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Two of 11 falcons die in customs custody

KARACHI, Dec 11: Of the 11 falcons of highly rare and endangered species which have been in the custody of Pakistan Customs for the past three weeks, at least two have died, it emerged on Tuesday.

Sources said the entire flock had become sick and two of them died one after the other within a couple of days.

A high-ranking official of the customs confirmed to Dawn the deaths in the past few days.

He claimed that proper medical treatment was being provided to the entire flock by the veterinarians and that the birds had been vaccinated and were still being looked after by technically qualified people. “Dr Abdul Ghani Khan and Dr Altaf Gohar have examined the birds and the treatment is being given under their guidance,” said the official.

He said that one of the sick birds was taken to a clinic. A report issued by the doctor diagnosed “nasal discharge, green diarrhoea, rupture of liver, enteritis”.

The official said that post-mortem examinations of the two birds were conducted and reports were awaited.

The sources said the 11 falcons were seized from Saeed Ahmed while a team of customs officials were conducting random checks on vehicles near an Imambargah in DHA Phase IV on Nov 21. While Mr Ahmad could not show any official document related to the falcons, the following day he presented a permit issued by the Sindh wildlife department stating that the falcons belonged to a United Arab Emirates national, Demiathan Sowaidan Saeed Hilal, and allowing Saeed Ahmed to keep 10 falcons in his possession for training purposes. The SWD confirmed the issuance of the permit, but showed inability to give any further details about the falcons.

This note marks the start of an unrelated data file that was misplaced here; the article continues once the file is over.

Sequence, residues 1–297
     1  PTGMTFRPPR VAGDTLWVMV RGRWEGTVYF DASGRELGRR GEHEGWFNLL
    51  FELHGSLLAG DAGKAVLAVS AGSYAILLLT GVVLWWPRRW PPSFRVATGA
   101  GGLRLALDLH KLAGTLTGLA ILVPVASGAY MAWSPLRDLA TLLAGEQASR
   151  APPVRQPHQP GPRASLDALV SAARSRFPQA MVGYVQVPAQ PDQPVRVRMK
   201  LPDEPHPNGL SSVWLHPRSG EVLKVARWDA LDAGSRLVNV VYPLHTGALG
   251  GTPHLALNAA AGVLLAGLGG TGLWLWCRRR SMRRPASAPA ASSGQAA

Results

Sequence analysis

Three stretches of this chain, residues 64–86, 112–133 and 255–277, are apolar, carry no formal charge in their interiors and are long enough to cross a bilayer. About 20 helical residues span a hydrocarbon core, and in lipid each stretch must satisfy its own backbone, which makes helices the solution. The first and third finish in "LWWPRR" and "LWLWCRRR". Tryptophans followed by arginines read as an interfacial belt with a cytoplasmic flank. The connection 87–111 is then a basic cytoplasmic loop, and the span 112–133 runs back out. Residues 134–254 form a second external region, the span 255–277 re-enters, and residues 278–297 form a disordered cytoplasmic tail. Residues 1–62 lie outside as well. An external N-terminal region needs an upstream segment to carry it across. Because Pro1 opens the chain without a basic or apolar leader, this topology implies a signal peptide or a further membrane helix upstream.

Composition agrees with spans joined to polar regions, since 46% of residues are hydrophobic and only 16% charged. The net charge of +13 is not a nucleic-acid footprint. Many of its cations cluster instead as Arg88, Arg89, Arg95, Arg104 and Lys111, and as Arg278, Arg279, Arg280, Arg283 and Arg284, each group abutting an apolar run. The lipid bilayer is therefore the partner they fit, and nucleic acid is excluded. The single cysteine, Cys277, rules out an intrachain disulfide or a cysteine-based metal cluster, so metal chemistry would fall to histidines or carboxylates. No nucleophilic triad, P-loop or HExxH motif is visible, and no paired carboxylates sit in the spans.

UAE connection

The sources said that Saeed Ahmed later presented a photocopy of a letter (No. ref: 1/6/25-1631 dated Nov 27, 2012) with the subject “Undertaking / Certificate” of the consulate general of the UAE in Karachi, certifying that (10) falcons had been brought by Demaithan Sowaidan Saeed Hilal, party member of Sheikh Rashid bin Khalifa Al-Maktoum, member of ruling family of Dubai, to the customs.

The sources said that after receiving the letter the customs then approached the UAE consulate general to provide details of the arrival of Demaithan Sowaidan Saeed Hilal, including flight number, arrival at airport, rings / passport number of the 10 falcons.

However, they said, the consulate general did not respond despite the lapse of a reasonable time.

Amjad Zafar of the UAE consulate general then informed the customs over the phone that the consulate had withdrawn the above referred letter, the sources said.

They added that since live falcons were used to natural environment and vulnerable to contagious/ viral infections and diseases, the customs seized the birds and issued a show-cause notice, as import, export or to be in possession of live foreign falcons (wildlife species) without valid import/ export authorisation was restricted and deemed to be an offence under Section 16 of the Customs Act, 1969. The offence is punishable under Clause 9 of Section 156 (1) ibid read with Export Policy Order-2009 notified vide SRO No 767 (1) dated Sept 4, 2009 issued under Section 3 (1) of Imports and Exports Control Act 1950.

The show-cause notice issued on Dec 5, 2012 by Customs Deputy Collector Omar Shafique called upon Saeed Ahmed and Semaithan Sowaidan Saeed Hilal to reply, in writing, within two days as to why the seized falcons should not be confiscated and any action as stipulated in the law be initiated against him for violating the aforementioned provisions of law.

Meanwhile, a case was filed by Saeed Ahmed in the Sindh High Court. The bench hearing the case restricted the customs authorities from releasing the falcons in the wild and asked the petitioner to submit response to the show-cause notice issued to him.

Expressing concern over the death of the two rare species falcons, conservationists have urged the authorities to settle the issue quickly before any more migratory falcons of the endangered species died. They also demanded a probe to find out if predatory birds were / are being properly looked after in the customs custody.